An EA-18G Growler aircraft is displayed for a media availability at Naval Air Station Whidbey Island, Wash., December 5, 2016. Photo by Michael Watkins/Whidbey News-Times

Navy meetings on Growler EIS get underway

Navy officials are prepared for just about any questions citizens might have about plans to bring more EA-18G Growlers — and more noise — to Whidbey Island.

Officials from U.S. Fleet Forces Command in Virginia, the base commanding officer, public relations officers and even medical experts are available to be grilled at meetings this week on the draft Environmental Impact Statement, or EIS, which analyzes impacts from the planned increase in the number of the aircraft based at Naval Air Station Whidbey Island.

The first meeting was held Monday in Port Townsend and the second one in Oak Harbor Tuesday. The main event, however, is expected to be Friday in Coupeville, where the Navy’s use of the touch-and-go field has been the cause of controversy and the subject of a federal lawsuit.

The meeting is 4-7 p.m., Friday, Dec. 9 at the Coupeville High School Commons.

In addition, Navy officials held a meeting for the media Monday on base.

The draft EIS is a long and complicated document. To help people understand it, the Navy is providing a guide to the meetings, which are in a workshop format with different “stations” covering different issues.

One of the purposes of the meetings is to collect public comments, which are a serious matter for the Navy.

All of the comments will be published and responded to in the final EIS, which should be completed in late 2017, according to Lisa Padgett, the project manager for the EIS.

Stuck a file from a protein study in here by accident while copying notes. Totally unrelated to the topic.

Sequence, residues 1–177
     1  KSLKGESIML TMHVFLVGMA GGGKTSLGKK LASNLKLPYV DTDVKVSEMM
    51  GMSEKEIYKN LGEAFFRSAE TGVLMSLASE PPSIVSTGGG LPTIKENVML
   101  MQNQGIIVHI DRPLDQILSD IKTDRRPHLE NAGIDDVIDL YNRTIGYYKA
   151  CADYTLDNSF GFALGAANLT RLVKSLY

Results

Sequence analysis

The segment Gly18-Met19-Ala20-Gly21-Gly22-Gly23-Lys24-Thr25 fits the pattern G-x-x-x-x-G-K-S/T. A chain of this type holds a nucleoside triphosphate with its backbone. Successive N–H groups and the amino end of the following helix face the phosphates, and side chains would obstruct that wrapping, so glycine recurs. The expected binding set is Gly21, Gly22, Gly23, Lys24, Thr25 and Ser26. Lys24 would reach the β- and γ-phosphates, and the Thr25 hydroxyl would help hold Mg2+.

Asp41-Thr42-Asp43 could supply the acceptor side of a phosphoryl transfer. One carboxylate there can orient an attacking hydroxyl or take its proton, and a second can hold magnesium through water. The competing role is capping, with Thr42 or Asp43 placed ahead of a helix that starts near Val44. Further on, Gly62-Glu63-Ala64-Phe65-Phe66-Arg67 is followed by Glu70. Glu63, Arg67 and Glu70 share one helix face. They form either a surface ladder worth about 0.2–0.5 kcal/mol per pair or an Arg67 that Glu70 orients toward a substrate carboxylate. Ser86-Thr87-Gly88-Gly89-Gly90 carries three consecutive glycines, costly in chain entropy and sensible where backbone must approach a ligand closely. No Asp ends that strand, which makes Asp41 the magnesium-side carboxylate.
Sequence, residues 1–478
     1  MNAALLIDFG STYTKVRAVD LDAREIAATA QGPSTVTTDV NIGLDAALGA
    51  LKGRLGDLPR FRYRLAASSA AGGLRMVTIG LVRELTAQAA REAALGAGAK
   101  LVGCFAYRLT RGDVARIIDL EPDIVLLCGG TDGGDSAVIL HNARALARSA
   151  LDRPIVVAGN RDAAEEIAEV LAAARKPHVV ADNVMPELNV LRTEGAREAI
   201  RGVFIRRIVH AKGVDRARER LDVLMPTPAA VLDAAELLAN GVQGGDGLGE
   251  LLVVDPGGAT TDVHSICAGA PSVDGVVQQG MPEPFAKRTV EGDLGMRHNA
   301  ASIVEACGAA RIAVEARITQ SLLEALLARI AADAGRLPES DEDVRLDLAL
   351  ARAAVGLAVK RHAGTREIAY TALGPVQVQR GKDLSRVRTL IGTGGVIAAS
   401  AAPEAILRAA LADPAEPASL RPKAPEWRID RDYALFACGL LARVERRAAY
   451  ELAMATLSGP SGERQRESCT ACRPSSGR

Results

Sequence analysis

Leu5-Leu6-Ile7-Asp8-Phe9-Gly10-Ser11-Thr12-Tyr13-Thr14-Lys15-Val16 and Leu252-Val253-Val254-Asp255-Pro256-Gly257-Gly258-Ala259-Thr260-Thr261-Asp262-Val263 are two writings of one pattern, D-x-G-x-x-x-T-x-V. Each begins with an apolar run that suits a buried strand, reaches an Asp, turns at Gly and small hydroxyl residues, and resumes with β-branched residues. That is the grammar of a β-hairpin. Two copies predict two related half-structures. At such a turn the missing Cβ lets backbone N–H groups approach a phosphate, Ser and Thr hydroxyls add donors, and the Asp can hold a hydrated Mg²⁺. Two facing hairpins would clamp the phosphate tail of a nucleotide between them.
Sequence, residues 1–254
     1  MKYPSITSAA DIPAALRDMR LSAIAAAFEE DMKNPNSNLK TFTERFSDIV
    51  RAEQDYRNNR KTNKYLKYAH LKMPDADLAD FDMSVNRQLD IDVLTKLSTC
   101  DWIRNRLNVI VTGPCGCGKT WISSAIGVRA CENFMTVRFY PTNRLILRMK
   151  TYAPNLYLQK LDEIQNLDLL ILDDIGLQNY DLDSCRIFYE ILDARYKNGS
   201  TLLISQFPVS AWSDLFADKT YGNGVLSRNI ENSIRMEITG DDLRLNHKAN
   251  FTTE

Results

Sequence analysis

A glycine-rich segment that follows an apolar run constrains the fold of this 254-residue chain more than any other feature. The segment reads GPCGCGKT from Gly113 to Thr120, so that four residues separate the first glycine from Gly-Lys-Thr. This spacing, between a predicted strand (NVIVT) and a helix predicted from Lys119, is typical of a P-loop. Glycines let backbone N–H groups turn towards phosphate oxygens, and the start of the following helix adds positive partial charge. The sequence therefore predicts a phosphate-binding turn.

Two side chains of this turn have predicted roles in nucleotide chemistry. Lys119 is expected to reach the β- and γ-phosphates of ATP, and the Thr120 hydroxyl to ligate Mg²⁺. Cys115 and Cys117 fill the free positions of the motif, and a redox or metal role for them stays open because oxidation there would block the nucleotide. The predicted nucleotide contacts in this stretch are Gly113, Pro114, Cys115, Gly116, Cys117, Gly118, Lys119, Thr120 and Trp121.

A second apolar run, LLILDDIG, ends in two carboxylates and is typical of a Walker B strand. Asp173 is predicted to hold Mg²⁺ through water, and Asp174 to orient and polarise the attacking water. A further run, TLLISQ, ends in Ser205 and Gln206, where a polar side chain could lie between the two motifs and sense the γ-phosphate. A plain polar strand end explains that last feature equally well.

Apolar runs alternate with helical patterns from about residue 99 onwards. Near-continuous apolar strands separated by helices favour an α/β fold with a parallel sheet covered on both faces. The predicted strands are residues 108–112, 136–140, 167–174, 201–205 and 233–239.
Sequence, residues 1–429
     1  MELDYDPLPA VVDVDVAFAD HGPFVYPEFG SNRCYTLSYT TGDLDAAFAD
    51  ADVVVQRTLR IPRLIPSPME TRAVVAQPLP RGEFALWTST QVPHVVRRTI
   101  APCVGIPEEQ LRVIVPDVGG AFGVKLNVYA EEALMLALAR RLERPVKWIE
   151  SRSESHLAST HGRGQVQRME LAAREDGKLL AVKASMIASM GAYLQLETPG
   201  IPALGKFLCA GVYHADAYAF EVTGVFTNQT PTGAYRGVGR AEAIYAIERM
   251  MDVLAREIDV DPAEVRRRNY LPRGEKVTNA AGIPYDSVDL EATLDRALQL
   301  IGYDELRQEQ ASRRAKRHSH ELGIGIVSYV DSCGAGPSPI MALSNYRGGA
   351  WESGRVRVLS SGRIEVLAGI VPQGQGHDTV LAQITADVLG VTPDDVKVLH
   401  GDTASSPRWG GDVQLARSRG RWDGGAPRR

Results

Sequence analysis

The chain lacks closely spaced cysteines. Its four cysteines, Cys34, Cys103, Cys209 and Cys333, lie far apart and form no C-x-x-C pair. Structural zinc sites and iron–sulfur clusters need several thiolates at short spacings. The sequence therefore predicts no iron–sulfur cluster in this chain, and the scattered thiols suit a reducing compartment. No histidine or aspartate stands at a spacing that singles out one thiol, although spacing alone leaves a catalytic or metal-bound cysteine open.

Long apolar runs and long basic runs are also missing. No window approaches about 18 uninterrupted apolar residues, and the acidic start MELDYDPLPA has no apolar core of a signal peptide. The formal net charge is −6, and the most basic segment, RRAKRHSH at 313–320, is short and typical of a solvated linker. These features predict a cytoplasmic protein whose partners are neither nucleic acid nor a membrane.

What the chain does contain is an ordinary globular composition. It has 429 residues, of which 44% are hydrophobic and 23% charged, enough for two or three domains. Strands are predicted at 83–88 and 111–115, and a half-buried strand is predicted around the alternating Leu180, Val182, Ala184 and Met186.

People can also submit comments at www.whidbeyeis.com, a website dedicated to the project.

Padgett said the comments will be considered when Navy staff chooses a preferred alternative in the final EIS.

The draft presents a series of different alternatives based on what types of squadrons the 35 or 36 new Growlers will be in and how field carrier landing practice will be divided between the Ault Field base and Outlying Field Coupeville.

The Secretary of the Navy, or his designee, will make the final decision.

Of course, the draft EIS discusses noise. It contains studies on Growler noise, estimates on how loud the noise will be at different places, a review of literature on the health effects of jet noise and overviews on the impacts on the environment.

But it’s also clearly important to Navy officials that the public understand how vital Growlers are to national defense, as well as the importance of the aircraft carrier landing training at Outlying Field Coupeville.

Capt. Geoffrey Moore, the commanding officer of the base, explained that Growlers’ advanced electronic warfare capabilities, essentially jamming enemy radar, protects other aircraft and troops.

Where there’s a military action, he said, there are Growlers.

Cmdr. Scott Farr said the quality of the training that OLF Coupeville provides is irreplaceable.

The geography around the outlying field and the runway itself is much closer to the conditions of a real aircraft carrier.

The military requires pilots at different levels of experience to complete certain amounts of landing practice.

“The most challenging event in the world of aviation is to land an aircraft on an aircraft carrier,” Farr said.

The Growlers are traveling at about 150 mph and have to hit a wire that is five or six inches off the carrier’s deck plate, often in extreme darkness, Padgett said.

“It’s not just about the safety of the pilot, but it’s all the other sailors on the flight deck,” she said.

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